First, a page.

After taking an in-depth look at the various types of e-commerce business models and marketplaces in part one and part two of our guide. We now turn our attention to how the top e-commerce business models operate in practice and the different approaches employed by them to take an idea from conception, all the way to your front doorstep.
With the umbrella of e-commerce business covering any product or service sold online, the logistics of each niche requires careful consideration and a well-formulated strategy if an online business is to prove to be successful.
The majority of e-commerce business is offered by companies that also have bricks and mortar establishments, a prime example being IKEA which has both an online catalog and also giant real-life stores. These stores will generally be an extension of the bricks and mortar business’ operations. But for the pure player existing only online and starting from scratch, they must first decide what exactly they are going to offer to the consumer.
Finding an opportunity and creating the most effective means to seize it, is the underlying aim that drives any businesses, regardless of what form they take. Be it books, dog toys or software, a successful e-commerce business will identify a gap in the market, source the inventory and ensure orders are managed efficiently through to fulfillment.
The entire world of e-commerce business can be broken down into a few broad spheres, based on which direction the business is facing.
The traditional e-commerce business models:
B2C – A business selling a product or service to a consumer.
B2B -A business supplying products or services to another business, generally in larger wholesale quantities.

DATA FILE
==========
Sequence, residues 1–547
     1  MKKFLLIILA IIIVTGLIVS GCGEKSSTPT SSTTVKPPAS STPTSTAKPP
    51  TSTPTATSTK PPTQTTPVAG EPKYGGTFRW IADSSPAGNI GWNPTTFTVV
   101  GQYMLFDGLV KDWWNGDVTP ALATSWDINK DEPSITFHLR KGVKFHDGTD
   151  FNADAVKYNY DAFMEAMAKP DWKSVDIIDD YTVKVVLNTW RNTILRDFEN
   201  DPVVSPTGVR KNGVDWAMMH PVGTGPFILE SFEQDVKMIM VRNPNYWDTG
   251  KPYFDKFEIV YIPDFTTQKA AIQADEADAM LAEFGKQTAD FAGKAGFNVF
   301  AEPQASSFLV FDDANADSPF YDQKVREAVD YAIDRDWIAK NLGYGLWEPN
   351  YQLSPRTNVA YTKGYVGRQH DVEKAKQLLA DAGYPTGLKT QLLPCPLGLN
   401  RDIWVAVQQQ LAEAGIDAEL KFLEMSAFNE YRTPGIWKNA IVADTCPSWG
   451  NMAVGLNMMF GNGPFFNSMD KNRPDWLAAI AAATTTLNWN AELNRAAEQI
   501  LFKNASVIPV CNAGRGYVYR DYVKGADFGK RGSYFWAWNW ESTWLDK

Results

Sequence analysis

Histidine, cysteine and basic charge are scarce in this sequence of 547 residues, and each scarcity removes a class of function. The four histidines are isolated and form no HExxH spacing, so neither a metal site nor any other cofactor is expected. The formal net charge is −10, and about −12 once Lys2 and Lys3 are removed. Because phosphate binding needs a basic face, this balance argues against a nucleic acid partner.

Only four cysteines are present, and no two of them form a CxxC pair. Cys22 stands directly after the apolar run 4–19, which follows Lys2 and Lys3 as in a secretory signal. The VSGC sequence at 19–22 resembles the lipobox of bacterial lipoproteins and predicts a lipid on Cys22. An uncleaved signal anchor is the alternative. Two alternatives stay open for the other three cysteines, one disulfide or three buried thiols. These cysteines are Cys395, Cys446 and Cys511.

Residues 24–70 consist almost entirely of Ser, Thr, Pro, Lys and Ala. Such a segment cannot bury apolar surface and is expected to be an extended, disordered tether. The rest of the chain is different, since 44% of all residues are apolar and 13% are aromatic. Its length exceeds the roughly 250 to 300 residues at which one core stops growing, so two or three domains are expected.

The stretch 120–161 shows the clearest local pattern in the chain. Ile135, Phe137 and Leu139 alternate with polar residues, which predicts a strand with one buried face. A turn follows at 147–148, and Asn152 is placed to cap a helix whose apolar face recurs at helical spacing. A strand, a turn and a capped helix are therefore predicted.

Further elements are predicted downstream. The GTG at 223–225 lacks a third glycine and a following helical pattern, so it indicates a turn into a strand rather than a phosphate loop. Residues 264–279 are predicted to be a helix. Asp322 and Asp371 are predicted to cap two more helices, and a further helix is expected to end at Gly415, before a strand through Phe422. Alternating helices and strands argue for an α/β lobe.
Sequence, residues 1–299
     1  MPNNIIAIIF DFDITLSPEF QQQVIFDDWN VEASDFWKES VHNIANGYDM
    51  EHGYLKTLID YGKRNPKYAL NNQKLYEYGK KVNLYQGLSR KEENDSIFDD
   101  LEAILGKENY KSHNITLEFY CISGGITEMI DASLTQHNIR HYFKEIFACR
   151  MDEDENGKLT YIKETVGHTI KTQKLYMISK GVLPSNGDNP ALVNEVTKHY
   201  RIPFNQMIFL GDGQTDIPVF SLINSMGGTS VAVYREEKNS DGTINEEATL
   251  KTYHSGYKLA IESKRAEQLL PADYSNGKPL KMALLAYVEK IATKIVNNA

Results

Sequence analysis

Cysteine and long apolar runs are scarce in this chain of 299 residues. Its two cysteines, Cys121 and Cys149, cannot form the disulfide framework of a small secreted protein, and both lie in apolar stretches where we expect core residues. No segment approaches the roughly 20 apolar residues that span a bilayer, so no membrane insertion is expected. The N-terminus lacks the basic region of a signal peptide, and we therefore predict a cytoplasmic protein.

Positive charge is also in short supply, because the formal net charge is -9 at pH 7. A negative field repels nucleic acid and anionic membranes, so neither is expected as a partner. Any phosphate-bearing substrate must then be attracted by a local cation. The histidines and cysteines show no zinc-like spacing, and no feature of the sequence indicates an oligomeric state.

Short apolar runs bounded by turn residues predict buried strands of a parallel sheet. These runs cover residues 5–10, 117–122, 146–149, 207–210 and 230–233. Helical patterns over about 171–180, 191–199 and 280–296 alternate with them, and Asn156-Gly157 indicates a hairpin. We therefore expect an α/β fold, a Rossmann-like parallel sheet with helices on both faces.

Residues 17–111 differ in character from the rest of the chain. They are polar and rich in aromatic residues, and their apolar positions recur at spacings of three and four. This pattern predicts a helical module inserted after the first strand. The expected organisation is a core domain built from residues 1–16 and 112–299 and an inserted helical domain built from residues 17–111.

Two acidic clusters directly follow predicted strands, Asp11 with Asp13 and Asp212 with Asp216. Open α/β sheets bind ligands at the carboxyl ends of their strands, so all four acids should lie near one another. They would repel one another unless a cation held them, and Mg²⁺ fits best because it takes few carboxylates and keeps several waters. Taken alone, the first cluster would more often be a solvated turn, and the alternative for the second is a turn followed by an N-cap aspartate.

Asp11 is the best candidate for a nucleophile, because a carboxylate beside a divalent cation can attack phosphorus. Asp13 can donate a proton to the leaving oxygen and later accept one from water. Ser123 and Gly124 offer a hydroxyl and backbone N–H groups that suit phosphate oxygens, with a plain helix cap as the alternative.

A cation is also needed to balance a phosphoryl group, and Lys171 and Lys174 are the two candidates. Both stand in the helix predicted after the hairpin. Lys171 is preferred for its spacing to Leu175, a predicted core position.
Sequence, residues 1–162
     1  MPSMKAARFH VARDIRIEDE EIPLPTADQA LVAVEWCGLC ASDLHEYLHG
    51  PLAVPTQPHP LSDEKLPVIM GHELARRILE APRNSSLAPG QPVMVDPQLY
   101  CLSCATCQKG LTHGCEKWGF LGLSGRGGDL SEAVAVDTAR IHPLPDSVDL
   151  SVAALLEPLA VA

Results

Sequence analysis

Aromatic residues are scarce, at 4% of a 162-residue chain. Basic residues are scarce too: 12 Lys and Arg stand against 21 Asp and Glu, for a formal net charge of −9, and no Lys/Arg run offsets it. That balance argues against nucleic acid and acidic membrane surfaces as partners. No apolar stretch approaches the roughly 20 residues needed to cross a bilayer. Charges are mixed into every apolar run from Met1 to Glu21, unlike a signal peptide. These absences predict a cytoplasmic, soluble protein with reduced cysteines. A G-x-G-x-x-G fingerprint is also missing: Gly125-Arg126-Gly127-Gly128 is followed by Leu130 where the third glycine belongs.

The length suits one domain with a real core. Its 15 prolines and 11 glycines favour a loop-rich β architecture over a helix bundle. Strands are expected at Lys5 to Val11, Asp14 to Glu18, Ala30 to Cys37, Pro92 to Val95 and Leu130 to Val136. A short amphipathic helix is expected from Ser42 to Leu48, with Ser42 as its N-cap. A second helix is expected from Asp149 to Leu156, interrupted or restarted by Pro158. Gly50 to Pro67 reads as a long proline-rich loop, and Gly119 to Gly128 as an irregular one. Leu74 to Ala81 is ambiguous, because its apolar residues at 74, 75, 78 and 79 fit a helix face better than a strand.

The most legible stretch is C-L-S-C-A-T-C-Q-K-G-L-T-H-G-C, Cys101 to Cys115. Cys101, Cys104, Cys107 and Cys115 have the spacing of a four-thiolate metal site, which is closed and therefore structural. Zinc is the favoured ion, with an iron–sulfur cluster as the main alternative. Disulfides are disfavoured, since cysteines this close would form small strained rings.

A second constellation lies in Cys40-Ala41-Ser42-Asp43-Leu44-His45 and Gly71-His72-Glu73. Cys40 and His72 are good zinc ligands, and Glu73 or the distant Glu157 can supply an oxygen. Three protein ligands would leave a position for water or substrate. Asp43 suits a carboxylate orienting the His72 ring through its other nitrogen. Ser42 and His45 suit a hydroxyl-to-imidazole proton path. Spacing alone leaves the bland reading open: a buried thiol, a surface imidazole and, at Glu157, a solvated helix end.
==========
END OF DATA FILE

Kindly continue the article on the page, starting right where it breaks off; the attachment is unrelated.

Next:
C2C – Marketplaces such as Craigslist and eBay allow consumers to sell directly to each other.
C2B – Reverse auction sites and affiliate marketing means consumers can offer services directly to businesses, also includes freelancers offering services such as web design or content writing.
B2B2C – Manufacturers sell directly to consumers through online catalogs, cutting out the middleman, lowering prices for customers and increasing profit margins for the manufacturer.
After working out what product or service to offer and who exactly you are going to sell it to, comes the difficult part, logistics. With e-commerce business totaling sales of $453 billion dollars last year in the US alone, it is easy to see that this is indeed a very large and multi-layered pie. There is no easy, universal answer as to what the best strategy is to grab a slice, it very much depends on the sector, product and ultimately how your own business operates.
The perfect approach for a new e-commerce business that lacks the financial clout to manufacture its own product. Instead, the product is produced by a third party and the vendor then white labels it with their own brand, which they must focus on building and marketing.
This strategy can be applied to any of the traditional business models, but it is not without its risks. Once a manufacturer is chosen and the product is made, the business is committed to the stock, which means they will need to be very confident that they can ensure high standards are maintained by their manufacturer.